General Suggestions for Vocabulary Development and Development of Meaning Associations at School
1. Use basal readers or listings of the most frequent words to choose words at the student's grade or linguistic level.
Teach the vocabulary within a story or unit approach rather than out of context in listings. Retention is low when the words are taught in random groupings. If the words are taught within stories the student may be asked to "make-up" a definition for the words and to use them in more than one context or sense.
Example: Suppose the word is "shimmering" and the sentence in the story is "The moonlight was shimmering on the lake". The teacher may discuss other uses of the word, such as "The lady's earring was shimmering in the sunlight."
Multiple meanings should be discussed and words used in their many senses.
Example: Suppose the word is "ease".
Multiple meanings: "I did it with ease."
"I eased into the water."
"This should ease the pain."
Include idiomatic or metaphorical meanings also.
Example: Suppose the word is "ear". An ear may refer to the "ear on the side of your head" or an "ear of corn" but can also be used in figurative senses, such as "He has an ear for music" or "I'm all ears".
If the words are taught within a unit approach or thematic units, a number of units may be taught and then connections between these specified.
Example: Farm vocabulary with a unit on growing food may be taught. This can be followed by a unit on grocery stores and then one on home management for foods. Then the connections between all of these may be taught. In this way, you are teaching a semantic network within each unit and the larger one "food" (the subordinate). These procedures are also useful for developing general knowledge.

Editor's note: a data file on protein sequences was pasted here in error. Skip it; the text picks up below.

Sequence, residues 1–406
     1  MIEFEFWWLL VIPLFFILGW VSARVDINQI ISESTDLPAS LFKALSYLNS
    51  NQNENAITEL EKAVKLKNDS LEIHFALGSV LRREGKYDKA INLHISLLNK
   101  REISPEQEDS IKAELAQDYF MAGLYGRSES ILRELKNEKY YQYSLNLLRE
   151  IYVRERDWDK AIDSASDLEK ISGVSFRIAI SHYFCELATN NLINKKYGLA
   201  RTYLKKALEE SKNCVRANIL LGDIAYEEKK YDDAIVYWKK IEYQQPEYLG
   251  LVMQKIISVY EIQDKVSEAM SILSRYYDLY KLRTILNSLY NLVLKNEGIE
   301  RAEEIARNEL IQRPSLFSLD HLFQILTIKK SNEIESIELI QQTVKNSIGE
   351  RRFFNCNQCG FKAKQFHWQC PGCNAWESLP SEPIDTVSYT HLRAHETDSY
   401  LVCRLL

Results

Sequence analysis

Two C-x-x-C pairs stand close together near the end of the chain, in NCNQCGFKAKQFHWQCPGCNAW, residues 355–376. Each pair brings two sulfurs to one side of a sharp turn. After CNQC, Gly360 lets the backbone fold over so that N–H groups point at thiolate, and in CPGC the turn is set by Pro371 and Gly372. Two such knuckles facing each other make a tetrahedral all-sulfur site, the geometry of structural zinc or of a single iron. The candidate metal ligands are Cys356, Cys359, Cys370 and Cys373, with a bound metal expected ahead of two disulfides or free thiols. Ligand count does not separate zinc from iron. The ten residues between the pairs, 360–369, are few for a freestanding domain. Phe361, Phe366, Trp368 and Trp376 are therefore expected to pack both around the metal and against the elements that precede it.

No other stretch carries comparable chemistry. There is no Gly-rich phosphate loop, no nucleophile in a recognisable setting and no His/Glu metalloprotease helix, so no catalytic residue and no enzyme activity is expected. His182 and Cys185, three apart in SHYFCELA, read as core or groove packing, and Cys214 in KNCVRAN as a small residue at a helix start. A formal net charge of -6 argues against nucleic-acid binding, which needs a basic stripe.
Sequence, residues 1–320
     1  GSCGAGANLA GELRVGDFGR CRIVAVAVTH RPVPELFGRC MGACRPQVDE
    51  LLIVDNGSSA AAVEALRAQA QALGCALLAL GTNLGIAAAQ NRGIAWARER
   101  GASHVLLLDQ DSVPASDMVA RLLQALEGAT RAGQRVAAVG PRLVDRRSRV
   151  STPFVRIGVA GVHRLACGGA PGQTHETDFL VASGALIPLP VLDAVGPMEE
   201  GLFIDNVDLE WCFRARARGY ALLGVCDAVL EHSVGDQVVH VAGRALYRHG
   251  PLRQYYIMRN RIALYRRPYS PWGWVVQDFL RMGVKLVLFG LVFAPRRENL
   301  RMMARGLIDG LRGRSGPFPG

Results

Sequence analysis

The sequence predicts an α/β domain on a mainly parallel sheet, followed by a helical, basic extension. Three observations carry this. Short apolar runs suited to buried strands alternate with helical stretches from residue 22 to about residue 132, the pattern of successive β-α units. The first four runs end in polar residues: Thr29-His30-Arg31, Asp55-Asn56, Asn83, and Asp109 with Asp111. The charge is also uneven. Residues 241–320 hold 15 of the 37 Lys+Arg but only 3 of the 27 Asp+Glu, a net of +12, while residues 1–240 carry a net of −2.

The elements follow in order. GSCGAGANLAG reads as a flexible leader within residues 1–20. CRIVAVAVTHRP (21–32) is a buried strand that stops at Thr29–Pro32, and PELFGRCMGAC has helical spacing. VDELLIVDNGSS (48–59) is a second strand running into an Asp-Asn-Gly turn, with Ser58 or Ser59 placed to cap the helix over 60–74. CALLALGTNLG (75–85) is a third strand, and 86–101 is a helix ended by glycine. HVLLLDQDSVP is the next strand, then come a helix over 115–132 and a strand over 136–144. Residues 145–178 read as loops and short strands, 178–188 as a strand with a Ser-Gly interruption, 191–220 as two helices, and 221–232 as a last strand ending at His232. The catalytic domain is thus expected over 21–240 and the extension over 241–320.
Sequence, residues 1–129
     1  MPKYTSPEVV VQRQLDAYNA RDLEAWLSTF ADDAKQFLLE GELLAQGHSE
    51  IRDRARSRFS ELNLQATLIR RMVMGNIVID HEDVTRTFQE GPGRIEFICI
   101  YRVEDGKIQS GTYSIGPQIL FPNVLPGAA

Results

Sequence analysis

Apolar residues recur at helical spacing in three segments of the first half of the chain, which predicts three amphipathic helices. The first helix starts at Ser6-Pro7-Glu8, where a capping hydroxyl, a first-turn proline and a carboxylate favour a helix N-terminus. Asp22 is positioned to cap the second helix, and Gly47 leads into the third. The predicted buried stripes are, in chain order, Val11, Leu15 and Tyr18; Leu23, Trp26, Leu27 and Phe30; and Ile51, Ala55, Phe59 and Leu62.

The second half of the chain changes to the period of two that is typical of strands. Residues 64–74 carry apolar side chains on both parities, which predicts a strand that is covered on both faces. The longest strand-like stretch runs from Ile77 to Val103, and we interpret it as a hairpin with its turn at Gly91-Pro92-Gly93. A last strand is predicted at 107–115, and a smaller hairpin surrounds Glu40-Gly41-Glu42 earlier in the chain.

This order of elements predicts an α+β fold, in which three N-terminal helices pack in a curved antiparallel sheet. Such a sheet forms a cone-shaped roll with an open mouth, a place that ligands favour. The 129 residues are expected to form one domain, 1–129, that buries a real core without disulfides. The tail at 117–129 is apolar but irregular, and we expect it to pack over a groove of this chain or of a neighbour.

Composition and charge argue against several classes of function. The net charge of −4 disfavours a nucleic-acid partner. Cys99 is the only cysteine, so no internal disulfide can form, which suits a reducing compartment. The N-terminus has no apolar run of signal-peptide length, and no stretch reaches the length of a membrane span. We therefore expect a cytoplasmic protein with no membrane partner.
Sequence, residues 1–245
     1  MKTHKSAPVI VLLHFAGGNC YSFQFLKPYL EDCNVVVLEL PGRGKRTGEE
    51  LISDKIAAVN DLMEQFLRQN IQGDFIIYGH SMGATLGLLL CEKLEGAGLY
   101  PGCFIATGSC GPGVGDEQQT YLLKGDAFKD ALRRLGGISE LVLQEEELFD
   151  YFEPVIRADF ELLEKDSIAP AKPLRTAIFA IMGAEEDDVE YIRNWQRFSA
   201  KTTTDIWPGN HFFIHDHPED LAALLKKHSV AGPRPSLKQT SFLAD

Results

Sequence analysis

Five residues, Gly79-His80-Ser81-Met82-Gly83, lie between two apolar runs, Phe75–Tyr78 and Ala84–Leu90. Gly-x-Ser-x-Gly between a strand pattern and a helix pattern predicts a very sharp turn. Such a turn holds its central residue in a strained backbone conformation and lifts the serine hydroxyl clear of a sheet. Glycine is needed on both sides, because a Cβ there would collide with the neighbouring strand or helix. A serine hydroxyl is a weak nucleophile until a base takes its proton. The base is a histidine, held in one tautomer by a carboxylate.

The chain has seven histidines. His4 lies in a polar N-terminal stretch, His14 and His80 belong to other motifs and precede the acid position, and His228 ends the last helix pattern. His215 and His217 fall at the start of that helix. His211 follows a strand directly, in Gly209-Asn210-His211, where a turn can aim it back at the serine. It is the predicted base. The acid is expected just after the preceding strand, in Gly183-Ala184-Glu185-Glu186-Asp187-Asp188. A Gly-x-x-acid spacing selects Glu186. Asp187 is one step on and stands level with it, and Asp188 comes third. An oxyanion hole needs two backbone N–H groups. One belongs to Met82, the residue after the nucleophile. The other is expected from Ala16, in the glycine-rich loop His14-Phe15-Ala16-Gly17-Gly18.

Commercially available materials such as People, Places, and Things and Life Skill programs, such as Knowing How to Shop, Using Money, and Getting Around, etc. are useful.
2. Students should also be taught to use context to discover the meaning of words, multiple meanings, or differences in shades of meaning.
Example: Suppose the word "cat" is being used in different senses.
"I have a cat at home." (One thinks of a domestic cat.)
"It was a ferocious cat." (One thinks of a jungle cat or wildcat.)
"He was a cool cat." (One thinks of the figurative sense and thinks of a man who is coy and has low affect.)
The meaning of a word and indeed a whole sentence may be changed as the result of further context processing.
Example: "All's terrible punch has brought many a big man to his knees; therefore, I will never drink that awful liquor again."
3. You may also use the "communication game" where the student describes everything he can about an object, picture, or word without the teacher being able to see the object or picture or know the word. This will increase full meaning of words.
4. Work with teaching superordinate and subordinate classification will also be useful.
Example: Pictures of animals can be categorized into jungle, farm, forest, domestic, etc. A new category of "bird" may also be made by resorting the parrot from the jungle, the owl from the forest, the love bird from the domestic category, the chicken from the farm, etc. into a new category.
Work with opposites (antonyms) and words that mean the same (synonyms) may be useful.
5. Multiple and figurative meanings may be taught by using a thesaurus (including computer word processing programs), joke books, riddle books, and materials used for Language Arts Programs or Language Intervention.